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British band Massive Attack, comedian Bill Bailey, and Tom Morello from Rage Against The Machine are calling for an end to the use of music as a form of torture at Guantánamo Bay and other facilities where suspects of the “war on terror” are being held.

Reprieve, a legal action charity founded by Clive Stafford Smith in 1999, is encouraging musicians to stand up and make powerful statements against the use of their music to torture and adopt clauses in their contracts to prevent this from happening. They believe music from some of today’s most popular artists is being blasted at prisoners for long periods of time, and that this combined with stress positions, water-boarding, sleep deprivation and beatings is intended to break prisoners psychologically.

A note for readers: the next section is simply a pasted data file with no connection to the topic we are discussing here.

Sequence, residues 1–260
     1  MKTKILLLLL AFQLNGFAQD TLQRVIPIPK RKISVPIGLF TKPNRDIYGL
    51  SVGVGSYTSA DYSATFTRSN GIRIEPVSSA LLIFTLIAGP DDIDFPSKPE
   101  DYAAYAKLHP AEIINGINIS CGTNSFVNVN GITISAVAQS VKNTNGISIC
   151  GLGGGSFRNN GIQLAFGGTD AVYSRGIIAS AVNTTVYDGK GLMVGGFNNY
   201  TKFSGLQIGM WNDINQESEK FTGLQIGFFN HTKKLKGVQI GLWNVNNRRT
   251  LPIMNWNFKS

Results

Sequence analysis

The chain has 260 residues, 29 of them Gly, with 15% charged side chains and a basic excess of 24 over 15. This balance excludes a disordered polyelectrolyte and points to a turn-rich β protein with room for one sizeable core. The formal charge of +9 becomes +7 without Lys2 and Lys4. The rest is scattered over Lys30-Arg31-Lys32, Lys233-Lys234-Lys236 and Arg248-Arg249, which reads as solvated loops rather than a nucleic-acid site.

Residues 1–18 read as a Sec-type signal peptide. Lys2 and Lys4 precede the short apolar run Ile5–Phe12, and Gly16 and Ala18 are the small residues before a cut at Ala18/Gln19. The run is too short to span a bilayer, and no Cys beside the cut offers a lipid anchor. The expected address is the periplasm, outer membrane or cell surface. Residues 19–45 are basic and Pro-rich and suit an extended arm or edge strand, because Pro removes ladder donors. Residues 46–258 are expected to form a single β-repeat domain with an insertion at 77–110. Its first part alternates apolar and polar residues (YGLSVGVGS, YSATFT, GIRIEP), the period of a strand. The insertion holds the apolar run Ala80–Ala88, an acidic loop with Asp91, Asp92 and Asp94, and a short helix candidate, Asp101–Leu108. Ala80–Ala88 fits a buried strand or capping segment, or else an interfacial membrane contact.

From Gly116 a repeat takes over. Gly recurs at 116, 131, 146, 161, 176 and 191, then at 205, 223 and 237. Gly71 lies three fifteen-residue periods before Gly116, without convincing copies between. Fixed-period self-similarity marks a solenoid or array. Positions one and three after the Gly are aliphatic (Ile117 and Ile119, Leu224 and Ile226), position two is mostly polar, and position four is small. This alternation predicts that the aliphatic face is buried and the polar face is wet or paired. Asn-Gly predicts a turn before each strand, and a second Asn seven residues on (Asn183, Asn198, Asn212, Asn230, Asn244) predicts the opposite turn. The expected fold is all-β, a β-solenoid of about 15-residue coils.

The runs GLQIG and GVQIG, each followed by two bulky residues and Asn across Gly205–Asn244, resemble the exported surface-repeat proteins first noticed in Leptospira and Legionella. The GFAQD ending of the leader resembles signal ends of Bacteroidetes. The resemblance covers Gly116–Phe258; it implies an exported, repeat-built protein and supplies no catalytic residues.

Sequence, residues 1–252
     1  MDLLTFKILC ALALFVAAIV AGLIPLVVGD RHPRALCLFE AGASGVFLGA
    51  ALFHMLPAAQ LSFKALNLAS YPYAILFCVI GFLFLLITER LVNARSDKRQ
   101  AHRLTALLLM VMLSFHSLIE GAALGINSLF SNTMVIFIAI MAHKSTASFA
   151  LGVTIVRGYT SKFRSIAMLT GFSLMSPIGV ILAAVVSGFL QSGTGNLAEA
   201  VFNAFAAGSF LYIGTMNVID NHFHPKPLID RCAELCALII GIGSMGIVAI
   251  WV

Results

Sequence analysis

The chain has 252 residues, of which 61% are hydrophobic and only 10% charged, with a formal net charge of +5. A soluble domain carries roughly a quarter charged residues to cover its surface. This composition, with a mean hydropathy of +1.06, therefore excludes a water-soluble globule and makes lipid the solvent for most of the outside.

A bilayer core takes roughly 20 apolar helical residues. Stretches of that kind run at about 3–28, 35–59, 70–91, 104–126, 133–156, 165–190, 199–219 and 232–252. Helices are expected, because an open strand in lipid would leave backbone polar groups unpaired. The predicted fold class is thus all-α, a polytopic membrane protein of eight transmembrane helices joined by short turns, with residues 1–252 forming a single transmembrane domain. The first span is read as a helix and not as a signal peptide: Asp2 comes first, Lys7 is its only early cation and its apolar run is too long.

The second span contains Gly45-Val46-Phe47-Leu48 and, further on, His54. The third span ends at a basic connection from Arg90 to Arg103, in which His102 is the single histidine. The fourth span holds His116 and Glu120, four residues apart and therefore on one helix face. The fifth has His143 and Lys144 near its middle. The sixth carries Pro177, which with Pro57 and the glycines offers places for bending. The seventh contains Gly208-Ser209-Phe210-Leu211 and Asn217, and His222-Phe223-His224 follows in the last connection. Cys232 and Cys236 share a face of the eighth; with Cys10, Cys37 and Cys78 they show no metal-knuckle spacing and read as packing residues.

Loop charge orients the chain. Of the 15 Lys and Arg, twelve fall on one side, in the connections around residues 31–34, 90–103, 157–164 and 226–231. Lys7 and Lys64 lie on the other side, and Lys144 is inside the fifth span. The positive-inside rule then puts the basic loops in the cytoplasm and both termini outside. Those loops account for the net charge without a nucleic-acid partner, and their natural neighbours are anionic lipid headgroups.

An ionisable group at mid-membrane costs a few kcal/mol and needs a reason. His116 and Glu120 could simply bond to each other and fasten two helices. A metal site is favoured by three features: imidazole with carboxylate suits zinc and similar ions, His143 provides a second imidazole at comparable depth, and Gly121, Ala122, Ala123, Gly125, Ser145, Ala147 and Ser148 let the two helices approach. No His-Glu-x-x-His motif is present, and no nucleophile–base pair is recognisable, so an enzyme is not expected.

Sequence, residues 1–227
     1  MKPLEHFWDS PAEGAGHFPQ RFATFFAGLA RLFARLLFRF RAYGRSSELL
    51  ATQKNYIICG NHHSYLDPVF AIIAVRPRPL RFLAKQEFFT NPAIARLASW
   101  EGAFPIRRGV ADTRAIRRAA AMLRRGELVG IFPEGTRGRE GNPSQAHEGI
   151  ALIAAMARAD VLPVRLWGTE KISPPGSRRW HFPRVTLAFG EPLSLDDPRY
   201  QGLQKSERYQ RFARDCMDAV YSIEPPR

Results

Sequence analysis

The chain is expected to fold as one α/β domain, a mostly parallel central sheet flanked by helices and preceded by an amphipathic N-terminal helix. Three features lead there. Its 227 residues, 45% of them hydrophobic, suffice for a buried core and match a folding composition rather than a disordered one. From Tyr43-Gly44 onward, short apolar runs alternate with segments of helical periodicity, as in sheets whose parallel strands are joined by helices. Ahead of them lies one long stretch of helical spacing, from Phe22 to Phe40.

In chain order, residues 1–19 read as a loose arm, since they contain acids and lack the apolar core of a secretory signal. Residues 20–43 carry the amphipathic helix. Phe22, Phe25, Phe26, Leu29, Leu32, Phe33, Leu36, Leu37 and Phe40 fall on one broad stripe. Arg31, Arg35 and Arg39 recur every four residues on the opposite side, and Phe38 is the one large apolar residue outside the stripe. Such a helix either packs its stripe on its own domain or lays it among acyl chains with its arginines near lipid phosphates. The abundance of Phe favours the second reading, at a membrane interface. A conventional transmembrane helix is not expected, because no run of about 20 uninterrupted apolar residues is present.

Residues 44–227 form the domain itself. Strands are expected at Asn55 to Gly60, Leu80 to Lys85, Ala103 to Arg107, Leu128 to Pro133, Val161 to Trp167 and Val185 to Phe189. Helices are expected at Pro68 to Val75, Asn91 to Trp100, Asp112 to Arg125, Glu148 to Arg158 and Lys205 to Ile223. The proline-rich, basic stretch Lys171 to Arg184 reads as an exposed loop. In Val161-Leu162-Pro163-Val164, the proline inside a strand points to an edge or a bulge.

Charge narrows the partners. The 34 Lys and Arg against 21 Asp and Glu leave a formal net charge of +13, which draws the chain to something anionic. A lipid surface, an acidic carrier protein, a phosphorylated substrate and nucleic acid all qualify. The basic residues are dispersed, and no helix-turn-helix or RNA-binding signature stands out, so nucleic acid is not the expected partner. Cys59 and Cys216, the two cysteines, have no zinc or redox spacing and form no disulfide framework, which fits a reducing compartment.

“The fact that our music has been co-opted in this barbaric way is really disgusting,” Tom Morello told Spin Magazine. “If you’re at all familiar with ideological teachings of the band and its support for human rights, that’s really hard to stand.”

Reprieve uses the law to enforce the human rights of prisoners, from death row to Guantánamo Bay. Their aim is to investigate, litigate and educate, and they work hard to provide legal support to prisoners unable to pay for it themselves, promote the rule of law around the world, and secure each person’s right to a fair trial.

The charity is currently representing 33 prisoners in the US prison at Guantanamo Bay and conducting ongoing investigations into the rendition and the secret detention of ghost prisoners in the war on terror.

Reprieve is also working on projections and backdrops focusing on renditions and secret prisons, which will be used on Massive Attack’s forthcoming world tour.

Anybody interested in learning more about the organization’s “Stop Music Torture” initiative, or would like to offer their support, contact them at

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